In bringing the Quadruple Tourbillon and the GMT mechanisms together, Greubel Forsey not only accomplished a major technical feat that led to the creation of a new hand-wound calibre comprising 705 parts, including three fast-rotating barrels. The Inventor Watchmakers also tackled this challenge from an architectural angle to create a timepiece in which the three-dimensional approach is expressed on many levels.
The main hours/minutes dial between 1 and 2 o’clock forms the highest point of the dial, where it is underlined by the subtle asymmetry of the case and complemented by a 72-hour chronometric power-reserve display. The next level is it at 4 o’clock, with the coaxial small seconds and second time zone display adjustable in one-hour increments by means of a pusher. Between 8 and 9 o’clock, observers can admire the spectacular sight of the Earth in motion, surrounded by a fixed 24 hours ring around the Equator and displaying local time for all the longitudes – simultaneously taking account of the day/night indicator.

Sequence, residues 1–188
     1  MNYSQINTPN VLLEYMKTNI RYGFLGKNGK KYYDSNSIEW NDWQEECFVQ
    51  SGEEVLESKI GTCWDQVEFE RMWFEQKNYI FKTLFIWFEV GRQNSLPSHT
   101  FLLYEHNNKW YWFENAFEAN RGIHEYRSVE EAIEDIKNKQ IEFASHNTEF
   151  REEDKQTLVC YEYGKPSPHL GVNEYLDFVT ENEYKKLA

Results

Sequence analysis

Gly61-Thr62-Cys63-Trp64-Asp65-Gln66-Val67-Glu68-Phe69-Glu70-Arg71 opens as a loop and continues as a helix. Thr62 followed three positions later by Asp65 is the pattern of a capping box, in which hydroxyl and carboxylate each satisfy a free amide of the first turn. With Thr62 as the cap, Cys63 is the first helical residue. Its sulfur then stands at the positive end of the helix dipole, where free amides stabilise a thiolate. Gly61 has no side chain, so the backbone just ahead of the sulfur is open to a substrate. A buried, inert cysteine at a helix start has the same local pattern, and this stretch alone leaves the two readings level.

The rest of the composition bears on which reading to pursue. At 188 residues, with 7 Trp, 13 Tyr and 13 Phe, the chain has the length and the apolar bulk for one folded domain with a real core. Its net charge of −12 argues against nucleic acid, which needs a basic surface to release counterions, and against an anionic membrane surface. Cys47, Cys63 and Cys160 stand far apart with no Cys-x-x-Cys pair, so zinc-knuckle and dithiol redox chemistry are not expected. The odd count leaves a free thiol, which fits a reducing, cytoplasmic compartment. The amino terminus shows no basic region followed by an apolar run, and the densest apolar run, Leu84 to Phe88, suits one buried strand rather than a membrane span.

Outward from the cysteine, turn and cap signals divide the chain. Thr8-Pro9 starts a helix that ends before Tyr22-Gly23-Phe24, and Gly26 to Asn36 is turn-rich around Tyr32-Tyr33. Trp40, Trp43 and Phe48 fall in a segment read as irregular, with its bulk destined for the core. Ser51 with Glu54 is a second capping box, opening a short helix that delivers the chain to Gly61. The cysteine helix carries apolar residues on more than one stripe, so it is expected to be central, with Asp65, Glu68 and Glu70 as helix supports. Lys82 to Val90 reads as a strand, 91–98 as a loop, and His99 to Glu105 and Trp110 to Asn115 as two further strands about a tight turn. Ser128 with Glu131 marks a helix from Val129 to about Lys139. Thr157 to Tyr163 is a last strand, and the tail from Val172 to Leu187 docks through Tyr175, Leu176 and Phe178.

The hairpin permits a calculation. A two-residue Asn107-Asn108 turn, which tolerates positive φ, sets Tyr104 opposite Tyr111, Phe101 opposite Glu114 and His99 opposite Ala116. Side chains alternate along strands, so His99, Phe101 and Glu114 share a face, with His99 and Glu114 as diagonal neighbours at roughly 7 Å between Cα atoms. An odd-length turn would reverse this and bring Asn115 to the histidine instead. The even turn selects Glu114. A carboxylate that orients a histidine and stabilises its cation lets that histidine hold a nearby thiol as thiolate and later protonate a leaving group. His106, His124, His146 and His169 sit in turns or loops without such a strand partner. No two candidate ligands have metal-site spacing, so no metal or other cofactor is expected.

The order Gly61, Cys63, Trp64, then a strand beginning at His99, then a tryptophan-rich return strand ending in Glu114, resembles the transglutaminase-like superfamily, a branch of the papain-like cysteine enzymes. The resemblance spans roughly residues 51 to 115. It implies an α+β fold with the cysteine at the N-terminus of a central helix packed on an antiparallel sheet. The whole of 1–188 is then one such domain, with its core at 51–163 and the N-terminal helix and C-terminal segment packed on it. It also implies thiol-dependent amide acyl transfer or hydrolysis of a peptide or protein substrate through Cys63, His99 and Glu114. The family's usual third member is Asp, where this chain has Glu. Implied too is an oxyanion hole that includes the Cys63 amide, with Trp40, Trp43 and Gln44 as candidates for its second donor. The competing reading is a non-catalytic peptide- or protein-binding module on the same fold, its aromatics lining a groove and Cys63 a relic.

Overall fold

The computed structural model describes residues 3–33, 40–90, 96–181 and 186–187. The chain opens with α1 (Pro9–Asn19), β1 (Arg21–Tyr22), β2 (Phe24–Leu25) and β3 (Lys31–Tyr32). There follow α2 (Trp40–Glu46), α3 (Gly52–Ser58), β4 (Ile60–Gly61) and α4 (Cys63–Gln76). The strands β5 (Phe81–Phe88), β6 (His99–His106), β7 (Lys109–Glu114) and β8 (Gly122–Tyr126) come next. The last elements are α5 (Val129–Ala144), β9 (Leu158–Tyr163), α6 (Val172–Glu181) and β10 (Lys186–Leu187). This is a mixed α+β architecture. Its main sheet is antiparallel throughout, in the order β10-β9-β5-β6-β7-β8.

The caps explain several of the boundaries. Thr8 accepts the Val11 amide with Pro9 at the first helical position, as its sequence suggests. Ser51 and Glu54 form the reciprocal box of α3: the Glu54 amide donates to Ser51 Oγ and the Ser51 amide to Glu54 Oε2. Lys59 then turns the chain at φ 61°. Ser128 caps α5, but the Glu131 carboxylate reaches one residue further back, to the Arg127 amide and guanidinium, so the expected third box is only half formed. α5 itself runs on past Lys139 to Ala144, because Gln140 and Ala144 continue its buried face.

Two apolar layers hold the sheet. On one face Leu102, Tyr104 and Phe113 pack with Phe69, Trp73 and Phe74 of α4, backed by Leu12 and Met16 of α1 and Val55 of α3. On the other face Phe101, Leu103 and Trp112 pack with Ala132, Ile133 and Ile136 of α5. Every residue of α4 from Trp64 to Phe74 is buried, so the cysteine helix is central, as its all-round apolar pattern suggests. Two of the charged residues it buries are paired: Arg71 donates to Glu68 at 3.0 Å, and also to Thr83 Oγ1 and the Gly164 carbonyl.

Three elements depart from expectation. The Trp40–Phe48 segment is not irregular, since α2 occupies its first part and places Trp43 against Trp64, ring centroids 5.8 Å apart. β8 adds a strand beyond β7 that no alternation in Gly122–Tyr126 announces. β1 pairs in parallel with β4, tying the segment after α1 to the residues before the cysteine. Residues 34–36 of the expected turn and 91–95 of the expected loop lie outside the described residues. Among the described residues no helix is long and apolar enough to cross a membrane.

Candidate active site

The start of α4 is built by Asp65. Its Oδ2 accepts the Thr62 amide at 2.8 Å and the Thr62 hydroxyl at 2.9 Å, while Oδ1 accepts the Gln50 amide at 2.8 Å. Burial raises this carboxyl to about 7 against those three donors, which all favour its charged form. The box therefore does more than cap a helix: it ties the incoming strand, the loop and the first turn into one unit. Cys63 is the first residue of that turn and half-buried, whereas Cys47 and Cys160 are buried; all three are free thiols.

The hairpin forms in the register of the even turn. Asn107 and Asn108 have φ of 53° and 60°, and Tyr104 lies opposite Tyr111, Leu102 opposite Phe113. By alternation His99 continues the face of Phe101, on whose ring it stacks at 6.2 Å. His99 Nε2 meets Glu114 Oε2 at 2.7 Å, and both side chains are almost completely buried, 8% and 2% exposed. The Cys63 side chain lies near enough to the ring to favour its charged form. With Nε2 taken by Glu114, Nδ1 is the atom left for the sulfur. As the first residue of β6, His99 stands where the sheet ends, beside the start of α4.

Universal time is visible through the case back, with a fixed 24-hour scale bearing day/night zones and a disk with three-letter abbreviations of 24 cities representing the various time zones. This disk also distinguishes between the time zones that implement Summer Time (Daylight Saving Time) appearing in a light colour; and those that do not (shown on a dark backdrop).
The case back also provides a chance to admire the Quadruple Tourbillon as well as frosted bridges with jewels set in gold chatons. The two complex asymmetrical convex sapphire crystals protecting the dial and case back also called for the utmost expertise.